Manufacturing trade improved in September compared to August, but the overall trend shows a slowing in export growth.
Department of Commerce trade data released today showed that on a seasonally adjusted basis, U.S. manufactured goods exports were $85.8 billion in September, up $1.6 billion – nearly two percent larger than in August. Manufactured goods imports fell $3.1 billion to $120.9 billion – a 2.7 percent decline from August. As a result the manufactured goods trade deficit stood at $35 billion – nearly $5 billion less than August’s $40 billion deficit. Declines in imports of autos and consumer goods were particularly notable.
Looking at the longer-term trend, manufactured goods export growth appears to be slowing. The September figures were 16 percent above September 2009, but this is the first time in the last six months that the year-over-year growth figures have slipped below 20 percent. In fact, despite the good August-September growth, the September figure was just about the same size as July’s.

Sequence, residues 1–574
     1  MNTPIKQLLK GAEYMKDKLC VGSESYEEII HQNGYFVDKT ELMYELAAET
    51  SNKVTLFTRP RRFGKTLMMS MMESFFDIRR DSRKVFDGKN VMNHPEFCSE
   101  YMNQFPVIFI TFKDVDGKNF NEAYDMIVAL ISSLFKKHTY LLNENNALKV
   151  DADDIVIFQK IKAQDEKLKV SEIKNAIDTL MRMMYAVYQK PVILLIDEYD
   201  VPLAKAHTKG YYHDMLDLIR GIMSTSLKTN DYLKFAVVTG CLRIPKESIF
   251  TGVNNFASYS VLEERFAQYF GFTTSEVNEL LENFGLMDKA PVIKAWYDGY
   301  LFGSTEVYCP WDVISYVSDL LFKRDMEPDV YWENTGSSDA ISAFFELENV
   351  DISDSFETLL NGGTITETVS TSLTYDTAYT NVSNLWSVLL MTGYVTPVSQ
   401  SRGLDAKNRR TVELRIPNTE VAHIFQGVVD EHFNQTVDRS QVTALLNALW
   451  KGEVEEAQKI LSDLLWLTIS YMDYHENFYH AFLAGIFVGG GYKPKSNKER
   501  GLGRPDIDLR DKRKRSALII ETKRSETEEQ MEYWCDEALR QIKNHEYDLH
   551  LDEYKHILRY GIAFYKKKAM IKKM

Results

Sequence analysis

Capital goods exports, which are so vital to the U.S. export position, have shown no growth since May. This key part of our trade position has now slipped into deficit for two months running. Clearly this underlines the need for strong action to support faster U.S. export growth to reach the goal of doubling exports by 2014.
U.S. manufactured goods trade with free trade partners continued to be the brightest part of the trade picture as the surplus is now in its third year. Through September, the U.S. manufactured goods surplus with free trade partners stood at a seasonally adjusted annual rate of $20 billion, following the Commerce Department’s methodology.
Latest posts by Frank Vargo (see all)
- More Good FTA News, But also a Need to Move Faster - June 29, 2012
- 86.9 Percent of World Market Still Maintains Barriers Against U.S. Exports - May 15, 2012
- Colombia Trade Agreement Certified, Creating New Export Market - April 16, 2012